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Hah, I had a sample test that I had to do after first being met on-site, which I thought was great.

Then they said my work sample was amazing, and they’d like to do an on-site Q&A about it, but when I arrived the engineer hadn’t even seen my work, and proceeded to just quiz me on obscure JS trivia.

Which I promptly failed.

They then rejected me even though they were happy about my work :/




In addition to covering all interview expenses such as travel food and lodging, candidates need to be paid for their time interviewing by the companies interviewing them.

Six hour take home tests is fine, but I want $1350 for that in advance as a consultation fee, and if I hit 6 hrs and it's not done yet they can keep paying until I am done or we can just end it, no refunds.

The idea that I should spend six hours doing free programming for random companies that say they are desperate to find anyone qualified is absolutely absurd and insulting. No one should put up with that, particularly anyone with an established and verifiable career.


It's even worse when you're a consultant. At the moment I'm faced with scheduling my fourth round with a company, and of course it's 5 hours onsite. I have the option of skipping the free lunch, they said. It's nice of them, but my monetary loss for that time (including commute) is enough to pay lunch for a number of people. All that, and they can still can you a few weeks or months into the job if you're a dud.

It's employment, not marriage, guys, lighten up with your strenuous and time-draining processes. We senior employees aren't as, is the word excitable, as the entry-levels about joining your workforce.


That does sound excessive. I've never had more than 2 rounds of interview, and even at that the first round was typically over the phone and the second on-site.


This is pretty silly. Candidates routinely spend integer multiples of six hours running interview gauntlets for tech companies that are notorious for negging candidates. None of them expect to get paid for interviewing. An at-home work sample challenge is strictly less onerous than an interview gauntlet, but because it has the appearance of something people have heard other people get paid for, it's commonly suggested that they should be paid, too.


why are you even interviewing for these "random companies desperate to find anyone qualified" if you are so disgusted by them?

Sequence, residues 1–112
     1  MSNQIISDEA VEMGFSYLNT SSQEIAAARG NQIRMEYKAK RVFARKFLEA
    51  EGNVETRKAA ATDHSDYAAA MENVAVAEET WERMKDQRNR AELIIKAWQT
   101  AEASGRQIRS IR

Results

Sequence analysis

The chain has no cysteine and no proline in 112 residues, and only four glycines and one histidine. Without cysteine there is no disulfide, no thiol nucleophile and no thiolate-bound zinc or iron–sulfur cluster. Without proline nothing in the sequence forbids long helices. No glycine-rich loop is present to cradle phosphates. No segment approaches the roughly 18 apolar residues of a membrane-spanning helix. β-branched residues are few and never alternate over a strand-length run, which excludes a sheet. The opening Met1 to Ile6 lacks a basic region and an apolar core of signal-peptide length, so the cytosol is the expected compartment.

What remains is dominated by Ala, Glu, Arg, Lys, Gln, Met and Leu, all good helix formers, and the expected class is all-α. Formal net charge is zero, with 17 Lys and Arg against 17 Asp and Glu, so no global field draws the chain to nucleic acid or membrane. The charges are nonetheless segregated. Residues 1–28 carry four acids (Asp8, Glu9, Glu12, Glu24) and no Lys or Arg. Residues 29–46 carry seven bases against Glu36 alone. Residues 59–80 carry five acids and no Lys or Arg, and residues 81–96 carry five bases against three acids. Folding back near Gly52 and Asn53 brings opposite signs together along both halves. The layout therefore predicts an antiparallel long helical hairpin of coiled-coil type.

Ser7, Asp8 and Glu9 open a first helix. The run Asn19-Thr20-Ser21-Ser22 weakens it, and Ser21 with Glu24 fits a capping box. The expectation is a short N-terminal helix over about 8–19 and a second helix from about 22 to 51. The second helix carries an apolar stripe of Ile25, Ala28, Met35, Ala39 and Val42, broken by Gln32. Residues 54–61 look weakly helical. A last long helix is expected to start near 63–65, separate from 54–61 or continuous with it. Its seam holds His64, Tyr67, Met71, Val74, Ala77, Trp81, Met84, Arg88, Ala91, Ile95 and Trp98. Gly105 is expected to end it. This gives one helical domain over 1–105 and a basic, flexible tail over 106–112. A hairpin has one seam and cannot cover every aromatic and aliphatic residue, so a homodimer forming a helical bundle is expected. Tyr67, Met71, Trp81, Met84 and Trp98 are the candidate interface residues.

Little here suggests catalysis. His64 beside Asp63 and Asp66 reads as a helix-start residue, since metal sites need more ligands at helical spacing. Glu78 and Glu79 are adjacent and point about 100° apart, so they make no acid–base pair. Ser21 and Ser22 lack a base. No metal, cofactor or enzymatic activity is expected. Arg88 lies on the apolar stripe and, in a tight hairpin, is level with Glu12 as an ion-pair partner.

The elitism of some engineers is mind boggling, instead of being grateful working in an industry that has so much demand that you can easily find a job at anytime, you complain about the process being insulting to your oh-so-important persona.

If i really want to work for a certain company because what they are doing excites me, then yes, i'd do a 6 hour take home test where I can probably also learn a thing or two and I am willing to bet a lot of other developers would too. As an interviewer, someone charging >$1000 for a take home test would be an immediate red flag and our mindsets probably don't match up.

If this works fine for you, kudos.


It's good to see a full gamut of opinions on here. I'll say that mentalities like yours are why I'm a contractor in the first place -- you should be grateful for the opportunity, etc and so forth. No. I exchange my time for your money. If that's entitlement to you, we come from opposite worlds.

I'm not the guy who says he should be compensated for take-home tests above. I am however a senior engineer. I'm spurning any long interview processes because they cost money. I don't think it's entitlement, but if that's what you want to call it, so be it. It's called hours worked, hours paid, and in the West it's been a concept since at least the 18th century.


They cost money for both parties though so in that sense it's fair.


I agree with the statement "they cost money for both parties" but I disagree with "in that sense it's fair."

Individual consultant: loses 5 hours of interview time (and commute time) or take-home exam. Let's call it $800 for the sake of argument.

Company: loses 5 hours of interview time, plus the time it takes to "quiz" the exam.

Individual loses money that he / she uses to pay their mortgage.

Company loses profit because the time spent interviewing the candidate could have been spent working on feature Y of the application. So shareholders / VC's lose.

So you're saying it's fair that the individual contributor who loses half a day's pay in your interview process is equivalent (you DID use the word "fair" so that's an equivalence argument you made) to a company's loss of a few hours out of the many thousands of man-hours they rely upon? It's a .0001% of their profit, assuming the employers don't work a few hours more to make up for the lost time, because they will (they're salaried!)


Consultants also do not get paid vacation, or paid sick leave. They also don't get any of the benefits that a lot of regular employees get. But that's part of the game, they have to account for all of that which is why they earn much more per hour. A lot of those "customer acquisition" tasks cost time and may not necessarily yield a return, but that's part of the extra risk consultants have to assume and why not everyone is willing to do it.


Maybe all true with regards to cost considerations, but it doesn't support the notion above that a candidate's wasted time and money (vacation time and sick time costs money for an FTE) and a company's wasted time are somehow .. 'equal'.


That sounds like disorganization and poor internal communication, two traits of the organization probably not just evident in their evaluation of you. You may have dodged a bullet.




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